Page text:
In today’s market, it is imperative to be knowledgeable and have an edge over the competition. ACI members have it…they are engaged, informed, and stay up to date by taking advantage of benefits that ACI membership provides them.
Read more about membership
Become an ACI Member
Founded in 1904 and headquartered in Farmington Hills, Michigan, USA, the American Concrete Institute is a leading authority and resource worldwide for the development, dissemination, and adoption of its consensus-based standards, technical resources, educational programs, and proven expertise for individuals and organizations involved in concrete design, construction, and materials, who share a commitment to pursuing the best use of concrete.
American Concrete Institute
38800 Country Club Dr.
Farmington Hills, MI
Chat with Us Online Now
Feedback via Email
Home > Publications > International Concrete Abstracts Portal
The International Concrete Abstracts Portal is an ACI led collaboration with leading technical organizations from within the international concrete industry and offers the most comprehensive collection of published concrete abstracts.
Title: A Way to Better Pavement Concrete
Author(s): F. H. Jackson
Publication: Journal Proceedings
Appears on pages(s): 489-496
Keywords: no keywords
Abstract:This paper discusses the performance requirements of concrete pavements from the standpoint, primarily, of the quality of the concrete as a material. It is pointed out that the lack of durablity of much of our present day concrete may be due to our methods of construction. The writer believes pavement durablity could be significantly improved by using a scientifically proportioned mix of dry consistency, well compacted by vibration or tamping, and with close control over aggregate gradation, in place of the oversanded plastic mixtures which we now use. He does not believe in air entrainment is necessarily the final answer to our problem of surface deteroration but that we should seriously consideroverhauling our entire construction practice as well as our present methods of controlling the uniformity of aggregate gradations. Current practice in the construction of concrete pavements and airport runways in Great Britain and past practice in Germany in the construction of the autobahen are discussed to show that the placing of harsh, dry mixtures with close control of aggregate gradations is entirely feasible from the construction standpoint.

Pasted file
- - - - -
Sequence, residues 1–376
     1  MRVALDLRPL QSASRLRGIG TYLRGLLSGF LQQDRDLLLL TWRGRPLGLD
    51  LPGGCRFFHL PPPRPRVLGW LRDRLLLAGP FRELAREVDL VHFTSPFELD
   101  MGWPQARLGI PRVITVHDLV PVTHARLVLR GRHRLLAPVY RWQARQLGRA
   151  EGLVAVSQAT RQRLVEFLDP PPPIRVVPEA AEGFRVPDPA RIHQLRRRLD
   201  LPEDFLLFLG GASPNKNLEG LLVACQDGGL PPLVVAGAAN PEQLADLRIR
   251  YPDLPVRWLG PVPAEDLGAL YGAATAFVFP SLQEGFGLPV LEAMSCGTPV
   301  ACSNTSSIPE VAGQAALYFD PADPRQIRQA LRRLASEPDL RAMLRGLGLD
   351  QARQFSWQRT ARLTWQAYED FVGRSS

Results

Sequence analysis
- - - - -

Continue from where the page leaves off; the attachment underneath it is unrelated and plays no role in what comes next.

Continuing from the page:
Click here to become an online Journal subscriber